Lakers 2012-13 Vitals
45-37, 3rd in Pacific Division, 7th in Western Conference
Swept by the San Antonio Spurs 4-0 in First Round
102.2 PPG/101.0 OPP PPG
Steve Blake – PG
Kobe Bryant – SG
Jordan Farmar – PG
Pau Gasol – PF
Elias Harris – SF
Jordan Hill – C
Wesley Johnson – SG
Chris Kaman – C
Ryan Kelly – SF
Jodie Meeks – SG
Steve Nash – PG
Robert Sacre – C
Nick Young – SG/SF
Nick Young (FA), Wesley Johnson (FA), Chris Kaman (FA), Ryan Kelly (2nd round, 48th overall), Elias Harris (Undrafted FA), Jordan Farmar (Turkey)
The atmosphere of the Dwight-mare has come and gone and it appears the Lakers don’t always get what they want. Dwight Howard has landed in Houston and he made sure to give Kobe Bryant yet another piece of rehab motivation.
Everything disastrous that could have happened for Los Angeles last season DID, to everyone’s surprise, happen. Steve Nash suffering a broken leg in the second game of the season and ultimately missing 32 games certainly didn’t help the team’s case to obtain a better playoff seed. The injuries continued to compile as Pau Gasol missed 33 games during a vital January through March stretch for the Lakers. Luck still didn’t want to fall in the Lakers’ favor in April, as 34-year-old Kobe Bryant suffered a torn Achilles, an injury that is still not fully healed and rehabbed.
The first major decision of the Jim Buss ownership and management of the Lakers took some serious heat after the hiring of coach Mike D’Antoni, a coach that clearly didn’t know how to properly use Dwight Howard and Pau Gasol to his team’s advantage. With Howard now in Houston, all eyes are going to be on D’Antoni’s offensive system. Will he finally swallow his pride of the high octane 3-point offense? Can Pau Gasol get more opportunities where he feels comfortable?
This upcoming season, the Lakers look to be in better shape if D’Antoni is going to remain on the sidelines. Their biggest addition this season centers on the 28-year-old wingman, Nick Young. With an ability to shoot from the perimeter (something every D’Antoni team MUST have), Young is going to completely fill and exceed Metta World Peace’s void on offensive end and provide the youth this team has missed since the days of Shannon Brown.
The bench depth is still horrid, but a bit of an improvement from last season. Backing up Bryant and Young will be the four-year guard Wesley Johnson, a shooting guard that brings his maximum effort night in and night out. While he won’t amaze the fans, he’s one of those role players that is happy to do anything for the team while learning from Bryant and Nash. At point guard, the Nash and Blake combination is actually a great veteran shooting combo, but just lack the athleticism and youth to keep up with the quicker guards in the league.
Understanding that issue, the Lakers brought back Jordan Farmar from Turkey. Already having a friendship with Bryant and Gasol, Farmar will feel very comfortable with this team and provide 12 to 18 minutes per game until he proves to be a better backup option than Steve Blake.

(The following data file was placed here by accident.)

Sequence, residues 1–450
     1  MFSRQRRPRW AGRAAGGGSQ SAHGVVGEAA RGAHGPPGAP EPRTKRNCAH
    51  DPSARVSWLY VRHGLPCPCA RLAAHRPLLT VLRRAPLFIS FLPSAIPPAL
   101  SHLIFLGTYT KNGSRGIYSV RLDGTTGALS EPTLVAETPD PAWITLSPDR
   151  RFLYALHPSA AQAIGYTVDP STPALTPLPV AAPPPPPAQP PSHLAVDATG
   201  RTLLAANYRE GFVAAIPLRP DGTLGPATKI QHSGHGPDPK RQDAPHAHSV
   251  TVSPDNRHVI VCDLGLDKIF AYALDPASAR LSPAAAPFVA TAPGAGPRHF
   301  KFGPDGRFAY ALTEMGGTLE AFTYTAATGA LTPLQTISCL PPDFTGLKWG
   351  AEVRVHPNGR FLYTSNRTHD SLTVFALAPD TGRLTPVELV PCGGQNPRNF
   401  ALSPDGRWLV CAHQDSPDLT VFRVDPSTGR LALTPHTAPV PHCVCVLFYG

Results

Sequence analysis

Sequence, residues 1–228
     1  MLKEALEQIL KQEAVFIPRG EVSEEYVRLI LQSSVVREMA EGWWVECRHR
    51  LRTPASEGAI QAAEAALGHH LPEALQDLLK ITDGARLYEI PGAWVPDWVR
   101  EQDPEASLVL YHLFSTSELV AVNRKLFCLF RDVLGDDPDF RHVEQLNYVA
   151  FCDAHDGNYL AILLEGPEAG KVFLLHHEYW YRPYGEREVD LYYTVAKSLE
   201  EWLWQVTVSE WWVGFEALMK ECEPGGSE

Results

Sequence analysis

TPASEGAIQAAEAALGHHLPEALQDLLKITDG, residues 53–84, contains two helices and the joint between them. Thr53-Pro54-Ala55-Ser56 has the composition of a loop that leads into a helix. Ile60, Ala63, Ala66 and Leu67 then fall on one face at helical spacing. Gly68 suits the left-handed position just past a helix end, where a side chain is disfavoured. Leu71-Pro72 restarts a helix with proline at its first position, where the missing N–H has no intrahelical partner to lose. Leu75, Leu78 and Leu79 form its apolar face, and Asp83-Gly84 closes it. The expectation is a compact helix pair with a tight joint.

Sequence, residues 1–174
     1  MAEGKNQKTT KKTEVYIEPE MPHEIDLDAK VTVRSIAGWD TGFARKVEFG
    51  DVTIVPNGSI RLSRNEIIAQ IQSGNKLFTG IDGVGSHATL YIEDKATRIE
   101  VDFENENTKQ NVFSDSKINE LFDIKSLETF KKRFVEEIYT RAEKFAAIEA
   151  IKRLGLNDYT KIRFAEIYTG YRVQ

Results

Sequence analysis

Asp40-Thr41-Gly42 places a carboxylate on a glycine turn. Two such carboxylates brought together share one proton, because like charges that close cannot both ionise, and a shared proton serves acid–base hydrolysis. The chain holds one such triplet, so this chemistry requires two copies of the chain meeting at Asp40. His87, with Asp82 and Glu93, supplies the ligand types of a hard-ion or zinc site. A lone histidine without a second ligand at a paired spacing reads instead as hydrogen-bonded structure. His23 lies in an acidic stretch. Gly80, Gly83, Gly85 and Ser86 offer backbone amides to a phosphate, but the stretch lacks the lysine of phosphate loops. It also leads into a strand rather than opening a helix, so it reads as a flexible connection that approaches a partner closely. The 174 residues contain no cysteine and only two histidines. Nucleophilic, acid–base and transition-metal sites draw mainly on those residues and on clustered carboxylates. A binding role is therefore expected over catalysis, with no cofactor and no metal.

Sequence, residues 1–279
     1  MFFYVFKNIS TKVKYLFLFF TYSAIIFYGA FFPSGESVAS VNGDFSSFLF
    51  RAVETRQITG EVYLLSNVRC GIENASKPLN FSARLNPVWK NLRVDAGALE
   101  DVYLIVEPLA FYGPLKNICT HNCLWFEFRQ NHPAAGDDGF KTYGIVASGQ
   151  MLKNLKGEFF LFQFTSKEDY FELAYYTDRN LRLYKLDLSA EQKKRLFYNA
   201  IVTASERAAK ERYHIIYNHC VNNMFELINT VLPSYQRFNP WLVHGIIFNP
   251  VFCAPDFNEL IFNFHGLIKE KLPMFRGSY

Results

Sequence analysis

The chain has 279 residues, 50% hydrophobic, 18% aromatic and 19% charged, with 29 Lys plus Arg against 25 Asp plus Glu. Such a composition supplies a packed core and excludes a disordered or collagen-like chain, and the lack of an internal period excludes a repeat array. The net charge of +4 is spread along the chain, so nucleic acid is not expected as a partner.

Lastly, the defense is going to be hard for any Lakers’ fans to witness. Losing the best defensive center in the league in Howard, Mitch Kupchak decided to take a chance on Chris Kaman, a veteran who was once an All-Star. While Kaman has a great shooting touch for a center, the defensive duo of himself and Gasol will not be able to hold up against the better frontcourts in the league. For the Lakers to have a chance at the playoffs, Jordan Hill must bring his beloved energy and defensive awareness off the bench and provide good minutes for this club.
Overall, life after Dwight Howard looks to be exciting and wide-open for anything to happen.
Bryant returns healthy, whether it be in the season opener or mid-November, and succeeds in proving doubters wrong. Nash can find himself staying healthy for 65-68 games and not have his team suffer without a play-maker. Mike D’Antoni will develop a close relationship with Pau Gasol and we will all finally see a change to his coaching style that wasn’t apparent in Phoenix or New York. Nick Young remains happy to be a Laker, but for the reason of Bryant and Nash trusting him whole-heartedly with the ball.
The defense will still allow close to 100 points per game as expected, but Kaman and Gasol work better together than the previous frontcourt experiment. Bryant wins the scoring title and propels the Lakers to 52 wins and a fifth seed in the Western Conference, only to be eliminated by the Houston Rockets in the first round. Convenient first-round matchup to say the least.
Media overhyped Bryant’s rehab progression and he doesn’t return at full strength until December or January. Even then, it’s possible we don’t see the same player we have always known. Twenty-one points per game at the most for Bryant, meaning the Lakers have to rely on a lot of non-existent bench depth to pick up the slack. The explosive backcourts in the league continue to have a field day on Nash and his lack of being a defensive threat, topping it off with Gasol and Kaman allowing way too many points in the paint to gather wins.
Kupchak’s support of Mike D’Antoni soon disappears and he is ousted before the All-Star break. Only managing 33 to 38 wins, the Lakers miss the playoffs and prove most of our columnists right. Not many expect the Lakers to contend for the West’s eighth seed, which is easier to believe than my view.
49-33, 3rd in Pacific Division, 7th in Western Conference
We’ll remember this, Twitter universe and fellow co-writers:
— Frankie Hobbs (@Frankie_Hobbs) August 19, 2013
#IfTheLakersGetTo49Wins I will shave my head and paint it purple and gold
— Gerald Bourguet (@GeraldBourguet) August 19, 2013
#IfTheLakersGetTo49Wins I’ll stop talking about Nate Wolters so much
— Nathan Giese (@NathanGiese) August 19, 2013
— Snarknado (@JeffMoore78) August 19, 2013